Follow financial news long enough and you'll notice that a particular kind of story comes around every so often and always delivers: investment bankers at the same investment bank negotiating amongst themselves.
Here's the latest classic in that genre: an amazing look from the Financial Times at the legal battle between Centerview Partners, the wildly successful boutique investment bank, and one of its former top bankers.
I’m a bit biased because the reporters, Sujeet Indap and James Fontanella-Khan, are very much friends of the show/newsletter (Troy McClure voice: you may remember James from such episodes of The Closer as “Ketchup Wars”), but it’s really a great story that gets right at the challenge of managing big egos and the particular kind of personalities top-level bankers have.
A new kind of money is flooding into professional sports: sovereign wealth. Aimee and Ben check in on Saudi Arabia's ownership of Newcastle United – who have now qualified for the Champions League – and why sportswashing is so prevalent and successful for these investors.
Here's what happened: David Handler joined Centerview in 2008 as one of its first non-founding partners. He joined with an enviable lucrative pay package. In 2013, that pay package was renegotiated to account for the firm's growth but Handler never signed the actual employment contract. He just kept working, he says, as if he had signed the contract and Centerview did the same. Cut to 2022, Handler resigned from Centerview and there's now a Delaware court case about how much Handler should be paid for exiting. (He says he's due hundreds of millions of dollars.)
Moral of the story: you should probably sign your employment contract. And if you can’t reach an agreement on your employment contract, maybe you should? Or decide to leave. Working for years under the assumption that you are covered by the parts that you like of an unsigned employment contract seems like a bad idea to me.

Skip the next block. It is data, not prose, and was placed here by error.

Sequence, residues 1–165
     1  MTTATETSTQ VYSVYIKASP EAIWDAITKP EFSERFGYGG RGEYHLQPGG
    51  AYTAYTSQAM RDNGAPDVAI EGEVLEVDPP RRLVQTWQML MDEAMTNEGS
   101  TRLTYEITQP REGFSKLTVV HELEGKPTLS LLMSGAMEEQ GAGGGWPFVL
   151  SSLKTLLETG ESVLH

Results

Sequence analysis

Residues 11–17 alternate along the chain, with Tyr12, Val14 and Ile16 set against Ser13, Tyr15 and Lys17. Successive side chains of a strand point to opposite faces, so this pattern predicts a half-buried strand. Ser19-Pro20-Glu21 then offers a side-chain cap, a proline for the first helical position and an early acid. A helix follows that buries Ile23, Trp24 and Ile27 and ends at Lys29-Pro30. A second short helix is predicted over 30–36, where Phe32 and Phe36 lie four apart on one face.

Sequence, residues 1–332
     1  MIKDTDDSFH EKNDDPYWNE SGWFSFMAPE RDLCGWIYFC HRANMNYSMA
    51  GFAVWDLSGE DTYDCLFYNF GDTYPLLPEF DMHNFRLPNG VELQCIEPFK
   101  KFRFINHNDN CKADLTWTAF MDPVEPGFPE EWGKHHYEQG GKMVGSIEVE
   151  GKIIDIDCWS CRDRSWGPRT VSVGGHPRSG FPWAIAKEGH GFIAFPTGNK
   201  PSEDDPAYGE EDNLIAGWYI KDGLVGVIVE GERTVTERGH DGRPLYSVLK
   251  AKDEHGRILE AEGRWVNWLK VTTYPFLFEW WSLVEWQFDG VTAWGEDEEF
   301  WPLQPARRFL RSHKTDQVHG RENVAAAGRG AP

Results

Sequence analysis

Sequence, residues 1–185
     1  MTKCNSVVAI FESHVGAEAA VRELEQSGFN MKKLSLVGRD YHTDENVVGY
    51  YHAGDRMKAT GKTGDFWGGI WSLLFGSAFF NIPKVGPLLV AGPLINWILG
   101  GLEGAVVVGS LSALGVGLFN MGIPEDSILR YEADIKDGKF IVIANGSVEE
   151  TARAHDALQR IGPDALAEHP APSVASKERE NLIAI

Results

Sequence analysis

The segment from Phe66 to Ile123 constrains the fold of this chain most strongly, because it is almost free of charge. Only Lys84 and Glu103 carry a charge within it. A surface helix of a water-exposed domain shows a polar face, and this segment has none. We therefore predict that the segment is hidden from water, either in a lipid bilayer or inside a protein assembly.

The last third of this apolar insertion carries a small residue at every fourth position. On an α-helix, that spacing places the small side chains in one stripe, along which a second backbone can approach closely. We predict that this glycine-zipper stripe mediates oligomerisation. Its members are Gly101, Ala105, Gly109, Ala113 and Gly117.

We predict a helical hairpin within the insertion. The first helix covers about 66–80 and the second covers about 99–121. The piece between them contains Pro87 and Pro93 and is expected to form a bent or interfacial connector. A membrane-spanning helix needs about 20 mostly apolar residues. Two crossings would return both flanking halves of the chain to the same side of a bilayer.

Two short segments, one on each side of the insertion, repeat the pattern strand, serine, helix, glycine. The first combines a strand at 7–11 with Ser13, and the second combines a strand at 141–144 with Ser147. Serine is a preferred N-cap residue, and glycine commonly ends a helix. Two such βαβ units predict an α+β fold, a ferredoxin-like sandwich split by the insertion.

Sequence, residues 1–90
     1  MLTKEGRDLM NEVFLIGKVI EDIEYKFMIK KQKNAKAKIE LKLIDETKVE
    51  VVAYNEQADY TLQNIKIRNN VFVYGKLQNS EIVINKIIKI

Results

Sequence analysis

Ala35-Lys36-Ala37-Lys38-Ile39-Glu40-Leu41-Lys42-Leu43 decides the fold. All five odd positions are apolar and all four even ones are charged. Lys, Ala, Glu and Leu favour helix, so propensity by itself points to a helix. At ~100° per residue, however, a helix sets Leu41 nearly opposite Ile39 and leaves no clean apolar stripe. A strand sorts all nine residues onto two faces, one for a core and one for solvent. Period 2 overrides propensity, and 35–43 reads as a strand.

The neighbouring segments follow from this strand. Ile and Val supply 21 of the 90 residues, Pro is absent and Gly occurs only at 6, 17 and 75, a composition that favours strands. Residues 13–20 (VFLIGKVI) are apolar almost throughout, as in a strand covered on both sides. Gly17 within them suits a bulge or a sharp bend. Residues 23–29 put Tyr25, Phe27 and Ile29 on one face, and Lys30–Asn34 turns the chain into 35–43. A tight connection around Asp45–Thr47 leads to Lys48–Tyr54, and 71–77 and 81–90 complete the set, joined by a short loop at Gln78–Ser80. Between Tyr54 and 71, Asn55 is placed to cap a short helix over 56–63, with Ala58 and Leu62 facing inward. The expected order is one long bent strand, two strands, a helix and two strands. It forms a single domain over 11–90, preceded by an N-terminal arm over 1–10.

But I'm me, senior investment banker and senior investment bankers love nothing more than preserving “optionality,” especially when that optionality means the chance that they’ll get to negotiate some more – a situation where, needless to say, they are confident in their ability to come out on top.
Handler must have known that this could be a point of contention down the road and he'd be force to hash it out with Centerview. To me, that sounds bad, but to Handler, I can see why it was alluring. Investment bankers negotiate for a living, and the best ones are very good negotiators who know they are good negotiators, so we shouldn’t be surprised that an investment banker thought it was prudent to negotiate for his own living.
Closers in the News
🏋️ Something really interesting is happening with consumer spending on upscale exercise gear: it’s surging and Lululemon shares are surging after it delivered a blowout fiscal Q1.
💼 Bao Fan, the star Chinese investment banker who disappeared in February, is in state custody as part of a corruption investigation and has had his detention extended by three months, state media says. It was widely reported earlier in the year that Bao was being detained as part of a bribery investigation, but this is the first time that the Chinese government has acknowledged the specifics of the case publicly.
🔒 It’s hard to know the financial state of companies owned by private equity firms. After all, they’re private. But Verdad Research used some clever ways to get under the hood and what they found is not great. “The sample of companies we looked at is nearly unprofitable on an EBITDA basis, mostly cash flow negative, and extraordinarily leveraged... From a quantitative perspective, the fundamentals of sponsor-backed companies look frightening.” 😬
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